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  • Einwilligungsfähigkeit: inhärente Fähigkeit oder ethisches Urteil?Decision-making capacity: inherent ability or ethical judgment?Helena Hermann, Manuel Trachsel & Nikola Biller-Andorno - 2016 - Ethik in der Medizin 28 (2):107-120.
    ZusammenfassungDie Bestimmung der Einwilligungsfähigkeit von Patienten beinhaltet weitreichende ethische und rechtliche Implikationen. Ausreichende Klärung des Begriffs ist daher unerlässlich. Solche Bemühungen gelten vorwiegend der Definition von Kriterien hinsichtlich relevanter mentaler Fähigkeiten. Grundlegendere Aspekte werden kaum explizit besprochen, so die Frage, ob Einwilligungsfähigkeit eher eine inhärente Fähigkeit oder ein ethisches Urteil bezeichnet. Zentral bei dieser Unterscheidung ist der Stellenwert ethischer Überlegungen die Zulässigkeit fürsorglicher Bevormundung betreffend. Geht man von einer inhärenten Fähigkeit aus, schließen solche Überlegungen an die Beurteilung von Einwilligungsfähigkeit an. (...)
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  • Evaluating Medico-Legal Decisional Competency Criteria.Demian Whiting - 2015 - Health Care Analysis 23 (2):181-196.
    In this paper I get clearer on the considerations that ought to inform the evaluation and development of medico-legal competency criteria—where this is taken to be a question regarding the abilities that ought to be needed for a patient to be found competent in medico-legal contexts. In the “Decisional Competency in Medico-Legal Contexts” section I explore how the question regarding the abilities that ought to be needed for decisional competence is to be interpreted. I begin by considering an interpretation that (...)
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  • A Civic Republican Analysis of Mental Capacity Law.Tom O'Shea - 2018 - Legal Studies 1 (38):147-163.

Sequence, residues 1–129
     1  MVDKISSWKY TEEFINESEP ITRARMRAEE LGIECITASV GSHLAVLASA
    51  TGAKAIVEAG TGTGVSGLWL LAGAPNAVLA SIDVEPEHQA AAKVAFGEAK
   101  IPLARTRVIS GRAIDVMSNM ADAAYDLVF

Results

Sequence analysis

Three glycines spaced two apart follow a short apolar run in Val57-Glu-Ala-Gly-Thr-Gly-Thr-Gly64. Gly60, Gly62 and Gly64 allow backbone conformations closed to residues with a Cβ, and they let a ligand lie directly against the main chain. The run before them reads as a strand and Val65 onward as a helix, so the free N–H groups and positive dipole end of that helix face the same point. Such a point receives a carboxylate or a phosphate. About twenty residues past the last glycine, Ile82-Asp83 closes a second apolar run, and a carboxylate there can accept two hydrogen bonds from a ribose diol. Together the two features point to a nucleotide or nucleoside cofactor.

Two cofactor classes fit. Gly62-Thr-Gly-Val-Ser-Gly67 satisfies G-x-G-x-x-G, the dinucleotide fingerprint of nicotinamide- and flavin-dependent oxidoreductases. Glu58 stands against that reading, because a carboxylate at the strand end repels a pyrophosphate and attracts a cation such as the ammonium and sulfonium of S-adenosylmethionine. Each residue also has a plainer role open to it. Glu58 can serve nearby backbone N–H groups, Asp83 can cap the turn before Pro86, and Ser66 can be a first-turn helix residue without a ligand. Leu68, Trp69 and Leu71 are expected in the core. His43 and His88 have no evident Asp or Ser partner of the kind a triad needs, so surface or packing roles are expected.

This article draws upon the civic republican tradition to offer new conceptual resources for the normative assessment of mental capacity law. The republican conception of liberty as non-domination is used to identify ways in which such laws generate arbitrary power that can underpin relationships of servility and insecurity. It also shows how non-domination provides a basis for critiquing legal tests of decision-making that rely upon ‘diagnostic’ rather than ‘functional’ criteria. In response, two main civic republican strategies are recommended for securing (...)
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  • Unreasonable Reasons: Normative Judgements in the Assessment of Mental Capacity.Natalie F. Banner - 2012 - Journal of Evaluation in Clinical Practice 18 (5):1038-1044.
  • Personal Autonomy and Mental Capacity.Fabian Freyenhagen - 2009 - Psychiatry 8 (12):465-7.
    The Mental Capacity Act 2005 has put the assessment of mental capacity for decision-making at the forefront of psychiatric practice. This capacity is commonly linked within philosophy to autonomy, that is, to the idea, or ideal, of self-government. However, philosophers disagree deeply about what constitutes autonomy. This contribution brings out how the competing conceptions of autonomy would play out in psychiatric practice, taking anorexia nervosa as a test case. © 2009 Elsevier Ltd. All rights reserved.
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  • Ist die Beihilfe zum Suizid auf der Grundlage des Wunsches, anderen nicht zur Last zu fallen, ethisch gerechtfertigt?Dr Julian Bleek - 2012 - Ethik in der Medizin 24 (3):193-205.
    Ein Argument gegen die ärztliche Beihilfe zum Suizid lautet, Patienten könnten sich um Suizidassistenz bemühen, weil sie sich als Belastung empfinden. Dabei wird die Selbstbestimmtheit eines so motivierten Todeswunsches in Frage gestellt. Ist dieses Argument überzeugungskräftig? Empirische Daten zeigen, dass die ärztliche Beihilfe zum Suizid auf der Grundlage dieses Motivs den ethischen Prinzipien der Sorge um das Patientenwohl und des Respekts vor der Autonomie des Patienten nicht widersprechen muss. Denn das Empfinden, anderen zur Last zu fallen, kann trotz adäquater palliativmedizinischer (...)